The eye that sees before anything happens can open before anything happens,
Just like the lotus blossom in flames in the twelfth month.

“Before anything happens” is a translation of kisen (機先); ki (機) is function or work — the same as ki in zenki (全機, total function). “Before anything happens” means reality before being processed with human discriminative thinking, that is, just sitting keeping our hand of thought open. Within just sitting, the Dharma eye can be open. This does not mean that we can see the so-called reality of all beings as the object of our eyes or the object of our mind, but that this full-lotus sitting is itself prajñā.

“The lotus blossom in flames,” is a translation of kachūren (火中蓮). This expression appears, for example, in Chapter 8, The Buddha Way of The Vimalakīrti Sūtra. Burton Watson’s translation into English of the Chinese translation by Kumarajiva is:

To live as a lotus among flames –
this may be deemed a rare thing.
To exist amid desire yet practice meditation –
this too is rare![5]

Yongjia Xuanjue (永嘉玄覚, Yōka Genkaku, 665–713), a disciple of the Sixth Ancestor Huineng, used this expression in his well-known poem Song of Awakening (証道歌, Shōdōka):

Within this world of desires, it is the power of seeing and knowing that permits the practice of zen.
The lotus that blooms in the fire is indestructible.[6]

“The power of seeing and knowing” is a translation of chiken riki (知見力); chiken is a translation of Sanskrit word “darśana,” which means “seeing,” “vision,” “insight,” or “understanding.” Jñāna-darśana-pāramitā (the perfection of knowledge and vision) is another name of prajñā-pāramitā (perfection of wisdom). In our practice of zazen within samsara, there is the function of the power of vision or wisdom which sees impermanence, no-self, suffering, and emptiness.

Rujing said that because of their compassion, buddha-ancestors practice zazen within the world of desire. Dōgen expresses this same zazen as a lotus blossom in flames. “In flames” refers to the burning house of samsara, the world of desire. As a bodhisattva, we don’t escape from the burning house, but practice zazen right there. This is an expression of no-abiding nirvāṇa (mujūsho nehan, 無住処涅槃) of bodhisattvas, who do not stay in samsara because of wisdom but do not enter nirvāṇa because of compassion.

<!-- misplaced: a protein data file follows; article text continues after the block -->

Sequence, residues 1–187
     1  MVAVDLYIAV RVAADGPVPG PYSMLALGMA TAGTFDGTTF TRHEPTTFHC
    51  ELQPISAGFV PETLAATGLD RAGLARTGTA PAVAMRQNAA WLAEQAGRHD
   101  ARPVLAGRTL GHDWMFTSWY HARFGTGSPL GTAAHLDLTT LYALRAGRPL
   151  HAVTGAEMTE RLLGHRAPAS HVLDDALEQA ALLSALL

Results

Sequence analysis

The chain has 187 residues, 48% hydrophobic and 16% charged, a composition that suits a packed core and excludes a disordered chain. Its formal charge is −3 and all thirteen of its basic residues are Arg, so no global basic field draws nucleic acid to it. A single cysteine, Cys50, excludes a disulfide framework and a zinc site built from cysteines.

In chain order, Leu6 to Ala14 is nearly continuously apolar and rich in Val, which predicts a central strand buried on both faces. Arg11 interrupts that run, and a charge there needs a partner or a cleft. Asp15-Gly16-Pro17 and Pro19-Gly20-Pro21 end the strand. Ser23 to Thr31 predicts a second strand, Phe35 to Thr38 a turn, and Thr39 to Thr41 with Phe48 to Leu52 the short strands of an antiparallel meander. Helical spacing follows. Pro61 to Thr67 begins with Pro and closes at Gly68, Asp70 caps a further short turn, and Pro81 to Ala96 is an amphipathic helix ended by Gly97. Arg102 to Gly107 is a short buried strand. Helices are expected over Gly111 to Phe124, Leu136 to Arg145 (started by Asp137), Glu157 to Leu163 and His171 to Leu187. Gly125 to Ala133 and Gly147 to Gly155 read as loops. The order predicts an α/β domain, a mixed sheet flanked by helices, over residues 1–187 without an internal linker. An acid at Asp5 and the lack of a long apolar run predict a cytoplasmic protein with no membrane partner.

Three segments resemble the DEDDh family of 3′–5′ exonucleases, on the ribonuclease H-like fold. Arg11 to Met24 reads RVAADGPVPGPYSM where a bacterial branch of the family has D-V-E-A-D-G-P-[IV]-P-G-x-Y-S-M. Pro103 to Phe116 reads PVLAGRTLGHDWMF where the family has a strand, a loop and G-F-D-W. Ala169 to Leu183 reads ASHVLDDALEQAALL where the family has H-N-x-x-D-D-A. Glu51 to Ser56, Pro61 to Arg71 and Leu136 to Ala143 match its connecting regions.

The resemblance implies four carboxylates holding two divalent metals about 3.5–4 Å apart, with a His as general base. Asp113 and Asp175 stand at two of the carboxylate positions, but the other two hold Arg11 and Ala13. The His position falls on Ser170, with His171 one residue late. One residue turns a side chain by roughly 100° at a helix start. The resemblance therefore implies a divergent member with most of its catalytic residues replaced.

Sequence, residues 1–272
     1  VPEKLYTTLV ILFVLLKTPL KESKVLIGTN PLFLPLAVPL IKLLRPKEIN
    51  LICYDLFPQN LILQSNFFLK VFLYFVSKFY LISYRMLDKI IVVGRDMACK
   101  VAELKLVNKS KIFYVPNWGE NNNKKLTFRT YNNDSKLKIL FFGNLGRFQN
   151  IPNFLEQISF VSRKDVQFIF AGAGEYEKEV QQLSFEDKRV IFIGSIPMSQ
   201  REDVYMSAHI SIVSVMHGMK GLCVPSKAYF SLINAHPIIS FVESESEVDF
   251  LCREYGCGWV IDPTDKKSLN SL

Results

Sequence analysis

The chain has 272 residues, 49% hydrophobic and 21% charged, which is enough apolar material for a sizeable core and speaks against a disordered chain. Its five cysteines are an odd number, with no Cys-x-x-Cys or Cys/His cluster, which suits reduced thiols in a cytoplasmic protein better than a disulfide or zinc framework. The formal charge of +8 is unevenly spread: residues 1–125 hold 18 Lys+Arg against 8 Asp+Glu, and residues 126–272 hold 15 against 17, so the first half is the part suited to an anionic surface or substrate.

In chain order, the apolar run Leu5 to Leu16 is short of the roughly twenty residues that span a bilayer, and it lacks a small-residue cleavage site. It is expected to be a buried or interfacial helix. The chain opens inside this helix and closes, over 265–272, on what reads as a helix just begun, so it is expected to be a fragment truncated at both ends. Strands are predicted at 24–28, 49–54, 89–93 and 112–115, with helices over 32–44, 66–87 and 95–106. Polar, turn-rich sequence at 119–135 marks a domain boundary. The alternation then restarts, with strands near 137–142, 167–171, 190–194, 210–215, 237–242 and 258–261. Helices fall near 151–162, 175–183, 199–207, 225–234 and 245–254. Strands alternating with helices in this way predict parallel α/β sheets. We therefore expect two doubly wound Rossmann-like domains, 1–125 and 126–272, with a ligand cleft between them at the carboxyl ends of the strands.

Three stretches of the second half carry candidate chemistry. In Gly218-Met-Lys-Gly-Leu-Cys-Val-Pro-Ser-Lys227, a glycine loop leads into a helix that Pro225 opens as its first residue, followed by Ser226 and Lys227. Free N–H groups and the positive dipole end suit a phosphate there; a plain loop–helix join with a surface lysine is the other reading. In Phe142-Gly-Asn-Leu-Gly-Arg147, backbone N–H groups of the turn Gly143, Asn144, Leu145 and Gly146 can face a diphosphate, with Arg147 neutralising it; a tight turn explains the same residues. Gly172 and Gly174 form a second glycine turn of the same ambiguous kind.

In our zazen we don’t negate our discriminative thinking. Samsara is still there, but we just let thoughts come and go without grasping, fighting against, or eliminating them. We don’t take any action based on them. The thoughts are not “my” thoughts as objects of my mind. Even though there is a wall in front of “my” eyes, it is not the object of this person sitting. The sounds of birds’ singing or the wind’s blowing might be out there and enter “my” ears, but those are not the objects of this person sitting. Thoughts are the same. “I” am just sitting, and these thoughts are just coming and going there as they are. “We” are free from samsara even though we are right within samsara. I think this is a very meaningful practice right now within the pandemic. We try to see impermanence and suffering, without being overwhelmed by them.

“The twelfth month,” is rōgetsu (臘月) that is another name of the twelfth month of the lunar calendar. Buddha’s Enlightenment Day is called rōhatsu (臘八), which means the eighth day of the twelfth month. Dōgen combines two common Zen expressions related to lotus blossoms: rōgetsu no ren (臘月の蓮) lotus blossom in the twelfth month (December), and kachū no ren (火中の蓮), lotus blossom in a fire. In an ordinary sense, lotus blossoms bloom in the summer not in the winter, in the water not in the fire, so when Dōgen uses both of these expressions he means something extremely rare, or something that cannot exist in reality.

— • —

[1] (Dōgen’s Extensive Record Volume 7, Dharma Hall Discourse 516, p.459–460) © 2010 Taigen Dan Leighton and Shohaku Okumura, Dōgen’s Extensive Record. Reprinted by arrangement with Wisdom Publications, Inc.,
[2] Okumura’s unpublished translation. Another translation is in Enlightenment Unfolds: The Essential Teachings of Zen Master Dōgen (Kazuaki Tanahashi, Shambhala,1999), p. 21.
[3] Yaoko Mizuno: Hōkyōki (Koza Dōgen 3, Dōgen no Chosaku, Shunjusha, 1980) p.221.
Shudo Ishii: Saigo no Dōgen: Junikan-bon Shōbōgenzo to Hōkyōki (Junikan-bon Shōbōgenzo no Shomondai, Daizo shuppan,1991), p.367.
[4] Okumura’s unpublished translation.
[5] Burton Watson’s translation in Vimalakīrti Sutra (Columbia University Press, 1997), p.102.
Robert Thurman’s translation from Sanskrit manuscript is:
Just as it can be shown that a lotus
Cannot exist in the center of a fire,
So they show the ultimate unreality
Of both pleasures and trances.
The Holy Teaching of Vimalakīrti, (The Pennsylvania State University Press, 1976), p.70.
[6] Translation by Tonen O’Connor in Commentary of the Song of Awakening (Merwin Asia, 2015), p.13

— • —

Translation and commentary by Shōhaku Okumura Roshi.

— • —

For further study:
See Dōgen’s Extensive Record.

> More of Dōgen Zenji’s Chinese Poems

Copyright©2021 Sanshin Zen Community